Rūhollāh Khāleghi (Persian: روحالله خالقی, Ruhollâ Xâleqi; born 1906 in Kerman, Iran – 12 November 1965 in Salzburg, Austria), also spelled as Khaleghi, was a prominent Iranian musician, composer, conductor and author.
روح الله خالقي
|Died||12 November 1965 (aged 59)|
Buried in Tehran, Iran
|Genres||Classical, folk, traditional|
|Occupation(s)||Musician, conductor, violinist, songwriter, composer, professor|
Ruhollah Khāleghi was born in Mahan, a small town near Kerman, in a musically minded family. He first became acquainted with the tar, but later started to learn to play the violin. As soon as Ali-Naqi Vaziri established his School of Music, Khāleghi left school and joined Vaziri's school, where he studied for eight years. Soon he became his master's assistant and was placed in charge of teaching music theory. He later continued his education and obtained a BA degree in Persian Language and Literature from the University of Tehran.
In 1944 Khāleghi established the National Music Society and in 1949, thanks to the efforts of this great artist, the School of National Music was founded. After his first journey to the former U.S.S.R. in 1955, he became involved in the Iran-Soviet Society and was selected as a member of its board of directors.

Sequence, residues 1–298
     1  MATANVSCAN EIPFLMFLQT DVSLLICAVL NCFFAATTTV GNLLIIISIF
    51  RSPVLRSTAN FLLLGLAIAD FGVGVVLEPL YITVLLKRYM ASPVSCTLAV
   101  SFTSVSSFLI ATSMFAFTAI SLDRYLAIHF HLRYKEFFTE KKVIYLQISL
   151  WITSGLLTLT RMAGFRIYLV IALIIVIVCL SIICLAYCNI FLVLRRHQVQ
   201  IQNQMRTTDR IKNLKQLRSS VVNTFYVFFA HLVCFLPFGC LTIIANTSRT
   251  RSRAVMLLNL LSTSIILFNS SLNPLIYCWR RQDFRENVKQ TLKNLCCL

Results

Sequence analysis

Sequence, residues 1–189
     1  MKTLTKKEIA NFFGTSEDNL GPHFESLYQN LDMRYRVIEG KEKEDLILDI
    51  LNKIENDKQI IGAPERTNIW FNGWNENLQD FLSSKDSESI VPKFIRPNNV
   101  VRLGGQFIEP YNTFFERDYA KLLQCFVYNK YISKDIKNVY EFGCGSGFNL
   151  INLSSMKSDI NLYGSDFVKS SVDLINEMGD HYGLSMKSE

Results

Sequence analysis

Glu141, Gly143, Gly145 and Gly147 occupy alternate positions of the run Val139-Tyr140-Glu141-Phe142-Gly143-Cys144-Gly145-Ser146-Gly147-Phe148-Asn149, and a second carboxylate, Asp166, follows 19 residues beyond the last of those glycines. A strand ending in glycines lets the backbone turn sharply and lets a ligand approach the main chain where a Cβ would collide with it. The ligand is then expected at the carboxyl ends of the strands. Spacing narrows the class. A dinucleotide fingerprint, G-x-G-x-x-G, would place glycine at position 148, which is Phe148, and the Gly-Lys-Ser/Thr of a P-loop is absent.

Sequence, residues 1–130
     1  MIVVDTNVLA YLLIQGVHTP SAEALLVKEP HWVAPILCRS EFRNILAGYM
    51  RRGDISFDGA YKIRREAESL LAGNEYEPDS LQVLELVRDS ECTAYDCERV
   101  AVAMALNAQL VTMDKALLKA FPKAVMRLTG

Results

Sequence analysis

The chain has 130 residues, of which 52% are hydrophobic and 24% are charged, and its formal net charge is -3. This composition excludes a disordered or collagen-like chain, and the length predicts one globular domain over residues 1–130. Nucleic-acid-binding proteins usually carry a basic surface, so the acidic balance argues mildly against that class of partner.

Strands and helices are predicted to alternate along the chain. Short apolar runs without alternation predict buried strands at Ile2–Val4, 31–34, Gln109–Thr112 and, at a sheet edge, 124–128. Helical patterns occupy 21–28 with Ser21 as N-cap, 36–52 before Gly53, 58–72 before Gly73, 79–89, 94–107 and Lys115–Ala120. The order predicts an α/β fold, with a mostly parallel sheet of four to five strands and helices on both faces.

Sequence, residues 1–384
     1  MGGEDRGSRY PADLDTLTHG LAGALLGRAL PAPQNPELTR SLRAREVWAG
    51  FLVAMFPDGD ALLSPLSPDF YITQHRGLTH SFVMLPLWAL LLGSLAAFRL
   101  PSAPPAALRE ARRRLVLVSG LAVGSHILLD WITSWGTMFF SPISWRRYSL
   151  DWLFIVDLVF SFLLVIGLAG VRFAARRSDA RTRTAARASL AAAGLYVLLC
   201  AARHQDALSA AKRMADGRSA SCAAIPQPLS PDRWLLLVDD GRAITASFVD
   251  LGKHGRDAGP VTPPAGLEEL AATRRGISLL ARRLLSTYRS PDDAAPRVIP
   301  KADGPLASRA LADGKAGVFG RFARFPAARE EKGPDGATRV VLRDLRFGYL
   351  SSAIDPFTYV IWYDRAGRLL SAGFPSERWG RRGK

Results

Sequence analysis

He also began to serve as the director of the Payām-e-Novin Magazine. His work, The History of Persian Music, which was published in two volumes, took shape during these years. His other published works include: Harmony of Western Music, Theory of Eastern Music, and Theory of Persian Music.
For many years Khāleghi worked as a musical advisor for Radio Iran and was one of the founders of the program known as Gol'hā (Flowers). He also conducted the Gol'hā Orchestra, for which he composed many pieces and revised the original compositions of his contemporaries as well as older masters, such as Āref and Sheydā. Although revised, the compositions retained all their original characteristics.
Khāleghi's compositions are not limited to what he wrote for Gol'hā. In addition to such masterpieces as Mey-e Nāb (Pure Wine), Āh-e Sahar (Sigh at Dawn), Hālā Cherā (Why Now?), and Chang-e Rudaki (Rudaki's Harp), he composed many other lyrical pieces and hymns, which were mostly patriotic. These include such works as Ey Iran (see Gholām-Hossein Banān) and the Hymn for Azarbaijan. Khāleghi established The National Music Society and Persian National Music Conservatory in 1949 in Tehran.
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